Villes Internet brings together more than 9,000 public service actors for the development of citizen Internet and urban digital in the territories. Mathieu Vidal, President of the association, takes stock of the digital transition of communities.
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What are the objectives of the Villes Internet association?
Villes Internet carries a conviction: digital technology must be a lever for improving services to the public. We support the communities in this transformation, without however losing sight of the risks associated with digital technology.
The essential mission of Villes Internet consists in creating a network of actors pooling resources (our collaborative platform Atlaas displays 15,000 actions). Some dynamic local authorities are honored during the annual ceremony of the national “Towns, Villages and Internet Territories” label.
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Finally, we provide vigilance on major current issues, such as data sovereignty or digital sobriety.
Where are local authorities in their digital transition?
Our 23 years of existence give us a keen eye on the evolution of local authorities in this area. The 2020 municipal elections saw an increase in the number of elected officials with a digital delegation, proof of an awareness that we welcome.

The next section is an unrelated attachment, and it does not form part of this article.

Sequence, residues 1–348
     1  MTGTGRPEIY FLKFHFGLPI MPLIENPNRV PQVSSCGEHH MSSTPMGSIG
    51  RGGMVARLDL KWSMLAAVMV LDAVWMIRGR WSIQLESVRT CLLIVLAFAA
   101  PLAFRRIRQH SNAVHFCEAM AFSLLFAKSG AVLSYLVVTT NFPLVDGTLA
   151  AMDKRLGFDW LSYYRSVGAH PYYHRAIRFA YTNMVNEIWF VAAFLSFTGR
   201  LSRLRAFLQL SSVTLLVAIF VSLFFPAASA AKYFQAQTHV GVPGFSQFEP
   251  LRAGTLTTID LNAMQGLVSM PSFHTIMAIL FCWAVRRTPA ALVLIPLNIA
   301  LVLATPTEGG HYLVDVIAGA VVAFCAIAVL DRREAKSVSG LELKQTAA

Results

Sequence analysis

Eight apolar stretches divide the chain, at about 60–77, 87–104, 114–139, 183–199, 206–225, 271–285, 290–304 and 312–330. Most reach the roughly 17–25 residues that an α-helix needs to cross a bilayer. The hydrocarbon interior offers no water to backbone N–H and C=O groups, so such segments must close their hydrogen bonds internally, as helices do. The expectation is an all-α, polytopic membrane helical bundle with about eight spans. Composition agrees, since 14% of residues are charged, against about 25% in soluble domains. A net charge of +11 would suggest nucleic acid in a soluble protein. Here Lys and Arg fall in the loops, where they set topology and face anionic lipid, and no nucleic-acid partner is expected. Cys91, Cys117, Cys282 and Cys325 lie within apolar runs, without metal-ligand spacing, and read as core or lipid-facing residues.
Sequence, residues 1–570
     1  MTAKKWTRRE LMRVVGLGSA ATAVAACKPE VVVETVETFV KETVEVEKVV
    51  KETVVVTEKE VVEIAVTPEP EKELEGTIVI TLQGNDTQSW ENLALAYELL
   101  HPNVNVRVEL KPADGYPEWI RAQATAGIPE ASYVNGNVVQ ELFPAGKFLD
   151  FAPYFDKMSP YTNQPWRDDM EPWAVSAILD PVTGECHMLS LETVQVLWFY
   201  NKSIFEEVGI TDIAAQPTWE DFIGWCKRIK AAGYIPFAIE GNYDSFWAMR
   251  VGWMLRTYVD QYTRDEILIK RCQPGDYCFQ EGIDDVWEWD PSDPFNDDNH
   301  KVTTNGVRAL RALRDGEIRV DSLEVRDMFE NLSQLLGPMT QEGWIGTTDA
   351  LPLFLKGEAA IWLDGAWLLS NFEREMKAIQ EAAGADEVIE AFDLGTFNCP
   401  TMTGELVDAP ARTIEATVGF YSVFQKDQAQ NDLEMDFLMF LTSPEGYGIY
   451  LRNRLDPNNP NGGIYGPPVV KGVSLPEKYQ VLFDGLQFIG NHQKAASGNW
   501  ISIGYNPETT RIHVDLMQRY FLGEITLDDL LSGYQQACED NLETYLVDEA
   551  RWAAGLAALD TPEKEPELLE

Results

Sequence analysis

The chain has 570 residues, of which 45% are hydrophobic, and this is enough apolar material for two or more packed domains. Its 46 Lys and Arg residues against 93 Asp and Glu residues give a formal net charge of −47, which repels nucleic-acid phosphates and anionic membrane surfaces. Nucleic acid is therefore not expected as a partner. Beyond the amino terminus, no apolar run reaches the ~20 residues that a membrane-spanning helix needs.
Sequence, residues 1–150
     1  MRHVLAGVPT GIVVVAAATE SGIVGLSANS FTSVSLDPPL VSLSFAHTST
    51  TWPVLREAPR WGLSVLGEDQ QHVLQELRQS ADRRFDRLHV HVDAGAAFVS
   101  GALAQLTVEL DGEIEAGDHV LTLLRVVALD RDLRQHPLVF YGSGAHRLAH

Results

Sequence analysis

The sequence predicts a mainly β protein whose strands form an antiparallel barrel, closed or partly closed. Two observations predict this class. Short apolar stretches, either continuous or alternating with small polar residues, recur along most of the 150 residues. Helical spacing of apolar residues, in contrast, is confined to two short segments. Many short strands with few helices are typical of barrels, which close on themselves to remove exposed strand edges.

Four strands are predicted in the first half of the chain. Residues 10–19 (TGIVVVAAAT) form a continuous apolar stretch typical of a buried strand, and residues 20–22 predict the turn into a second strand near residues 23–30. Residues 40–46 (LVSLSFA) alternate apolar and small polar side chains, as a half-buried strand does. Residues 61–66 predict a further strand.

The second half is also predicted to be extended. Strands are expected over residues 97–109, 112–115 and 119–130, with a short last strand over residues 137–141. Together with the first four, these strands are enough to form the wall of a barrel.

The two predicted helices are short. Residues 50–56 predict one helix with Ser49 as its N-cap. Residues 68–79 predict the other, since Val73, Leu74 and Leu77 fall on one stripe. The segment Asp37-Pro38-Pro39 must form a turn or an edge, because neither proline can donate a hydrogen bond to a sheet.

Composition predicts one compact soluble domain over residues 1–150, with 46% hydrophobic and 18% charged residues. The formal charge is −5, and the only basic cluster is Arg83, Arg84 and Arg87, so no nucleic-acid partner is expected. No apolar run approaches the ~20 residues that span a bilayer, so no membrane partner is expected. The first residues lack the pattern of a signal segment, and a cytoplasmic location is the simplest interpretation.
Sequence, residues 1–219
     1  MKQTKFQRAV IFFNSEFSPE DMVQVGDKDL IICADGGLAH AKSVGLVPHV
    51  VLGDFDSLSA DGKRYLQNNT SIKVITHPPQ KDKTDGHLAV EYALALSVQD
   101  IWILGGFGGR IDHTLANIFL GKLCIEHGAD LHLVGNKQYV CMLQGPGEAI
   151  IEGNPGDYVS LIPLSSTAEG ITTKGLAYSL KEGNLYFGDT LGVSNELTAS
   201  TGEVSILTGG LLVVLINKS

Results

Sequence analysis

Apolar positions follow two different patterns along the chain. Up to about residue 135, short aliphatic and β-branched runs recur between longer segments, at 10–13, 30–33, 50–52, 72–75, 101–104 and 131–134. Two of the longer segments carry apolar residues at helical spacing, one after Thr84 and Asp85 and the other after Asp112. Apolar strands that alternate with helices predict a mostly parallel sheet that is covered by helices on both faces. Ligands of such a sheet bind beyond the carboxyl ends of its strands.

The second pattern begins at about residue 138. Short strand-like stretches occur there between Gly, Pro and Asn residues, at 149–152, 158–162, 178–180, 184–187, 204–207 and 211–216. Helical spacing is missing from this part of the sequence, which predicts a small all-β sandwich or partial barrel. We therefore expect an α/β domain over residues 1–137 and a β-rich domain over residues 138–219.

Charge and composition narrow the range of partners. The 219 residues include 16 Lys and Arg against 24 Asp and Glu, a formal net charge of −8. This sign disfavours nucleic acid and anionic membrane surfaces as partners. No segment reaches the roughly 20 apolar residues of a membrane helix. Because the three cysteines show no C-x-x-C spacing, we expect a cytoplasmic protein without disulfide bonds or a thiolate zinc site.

Despite it, the health crisis has been an accelerator of initiatives imagined by local authorities who are now making responsible digital technology a constituent element of their public policies. For 2 years, we have created a green at sign in order to promote these actions which spread the territory.
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However, there is still a long way to go: the municipalities need to be supported by the State to strengthen the training of elected officials and agents, to support the dematerialization while coupling it with a human counter, providing the territories with effective tools to fight against cyberattacksetc.
Do small communities have the necessary means to carry out a digital public policy?
The 4th edition of the National Congress of Elected Digital Officials, on October 6, raised the expectations of elected officials, articulated around four structuring questions and giving rise to the adoption of a motion and 29 proposals.
Among them is the legitimate questioning of elected officials from small communities who appeal to common sense. Local authorities are not equal: they do not all have the same HR resources and engineering capacities. The pooling of resources at the intermunicipal level is one of the possible options in order to model and design a solid digital public service.
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Mathieu Vidal: “Digital technology must be a lever for improving services to the public”
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